A sinking SeaWorld ship

30 July 2018 | Lloyd Hughes

SeaWorld Orlando used to be the go to destination for UK holidays to Florida when I was a child.

I went (*bows head in shame*), and so did plenty of my friends.

But back when I was a nipper, in the late nineties (sadly, I’m not as young as I look), SeaWorld’s reputation was far different to what it is now.

It seemed like the trainers had a real bond with their animals, and from SeaWorld promotional material, they looked like they were having a whale of a time (excuse the pun…no actually, don’t) when putting on performances.

Considering zoos have been part and parcel of society for hundreds of years, aquatic ‘safari parks’ didn’t seem that bad, especially when – to human eyes at least – the water tanks looked absolutely massive and weren’t as obviously cages as, well…cages.

Of course, when you compare them against the ocean though, they’re mere bathtubs. However, given the fact that the killer whales and dolphins at the parks seemed to have such an entertaining time, seemingly enjoying doing tricks and performing acrobatics for rewards, they appeared more ethical than zoos, where animals mostly spent comparatively miserable days lounging around in cages (although the curator of mammals at Paignton Zoo did once point out to me the huge level of conservation facilitated by zoos).

Since then though, SeaWorld’s reputation has plummeted. The biggest factor in this was the film Blackfish, which looked at an orca called Tilikum that had killed three people – including two trainers – while in captivity. The reason for Tilikum’s aggression, was pretty much his treatment in captivity – far from the enjoyable experience portrayed by the live shows. To be fair, if I was kept in a bath for 25 years, I’m pretty sure I’d end up somewhat psychotic too…as well as incredibly wrinkled.

With orcas no longer being captured, and now no longer being actively bred in SeaWorld parks, this latest round of killer whales is set to be the last in captivity (other than injured/orphaned ones) and the parks’ focus is now on ‘education’ rather than entertainment – according to them at least. SeaWorld is also set to expand the size of the orcas’ tanks to give them more room, although, again, and obviously, these will still be considerably smaller than the actual ocean.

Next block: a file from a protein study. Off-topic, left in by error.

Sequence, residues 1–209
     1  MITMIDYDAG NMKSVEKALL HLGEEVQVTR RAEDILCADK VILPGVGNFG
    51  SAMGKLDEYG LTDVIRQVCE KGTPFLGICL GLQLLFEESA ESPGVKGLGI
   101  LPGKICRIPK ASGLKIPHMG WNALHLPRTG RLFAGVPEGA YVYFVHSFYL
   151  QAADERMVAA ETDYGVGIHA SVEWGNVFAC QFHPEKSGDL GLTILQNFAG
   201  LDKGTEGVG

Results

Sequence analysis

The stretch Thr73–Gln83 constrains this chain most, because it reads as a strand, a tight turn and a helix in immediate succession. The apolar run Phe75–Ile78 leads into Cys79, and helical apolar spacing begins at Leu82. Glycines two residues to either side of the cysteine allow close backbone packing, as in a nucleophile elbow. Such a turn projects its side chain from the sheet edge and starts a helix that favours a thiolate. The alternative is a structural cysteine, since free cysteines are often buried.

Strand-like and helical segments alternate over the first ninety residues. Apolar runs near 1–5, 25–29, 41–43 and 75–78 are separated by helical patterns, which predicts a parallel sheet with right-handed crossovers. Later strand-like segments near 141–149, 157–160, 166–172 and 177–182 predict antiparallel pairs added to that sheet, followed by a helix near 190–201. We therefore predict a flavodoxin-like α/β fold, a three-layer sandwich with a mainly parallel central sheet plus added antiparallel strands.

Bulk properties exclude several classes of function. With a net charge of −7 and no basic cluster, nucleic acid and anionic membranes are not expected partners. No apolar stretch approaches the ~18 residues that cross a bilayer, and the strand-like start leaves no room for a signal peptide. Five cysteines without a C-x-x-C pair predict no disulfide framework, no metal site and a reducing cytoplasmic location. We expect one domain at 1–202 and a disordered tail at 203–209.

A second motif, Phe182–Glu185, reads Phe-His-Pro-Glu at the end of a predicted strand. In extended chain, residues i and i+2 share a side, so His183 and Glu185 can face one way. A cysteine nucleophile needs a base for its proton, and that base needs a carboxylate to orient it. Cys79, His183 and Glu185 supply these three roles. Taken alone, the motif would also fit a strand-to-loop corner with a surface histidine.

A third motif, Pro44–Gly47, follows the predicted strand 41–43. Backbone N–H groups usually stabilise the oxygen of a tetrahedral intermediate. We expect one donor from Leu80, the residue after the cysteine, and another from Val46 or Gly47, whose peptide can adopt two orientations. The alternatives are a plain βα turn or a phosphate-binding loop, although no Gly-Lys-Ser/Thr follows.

The youngest orca in captivity (at SeaWorld San Diego according to the SeaWorld website) is two…and with orcas living up to 60 years (and some reportedly reaching 100), the park could still be housing orcas for a long while yet.

But not with the support of Thomas Cook. Previously the travel firm had sold tickets to both SeaWorld and Loro Parque in Tenerife, as part of its packages, but it’s now taken the decision not to for ethical reasons. According to feedback, 90% of Thomas Cook’s customers felt it was important that the firm took animal welfare seriously, and this move takes that into consideration, as well as having listened to input from animal welfare experts.

Partnering with parks that keep captive orcas is fast becoming a huge PR no-no, so it was only a matter of time for Thomas Cook to make this move. But it’s yet another blow for SeaWorld, which is becoming ever more isolated. Even with a tank expansion at the park, it feels like, much like the big tobacco companies, SeaWorld is slowly heading off a cliff as brands avoid it at all costs.

Having watched Blackfish, and despite having loved visiting SeaWorld as a child, I can’t say that’s too disappointing a prospect. Orcas, after all, belong in the ocean…no matter how entertaining and awe-inspiring they might be up close. If you want to see them first hand, go whale watching at sea.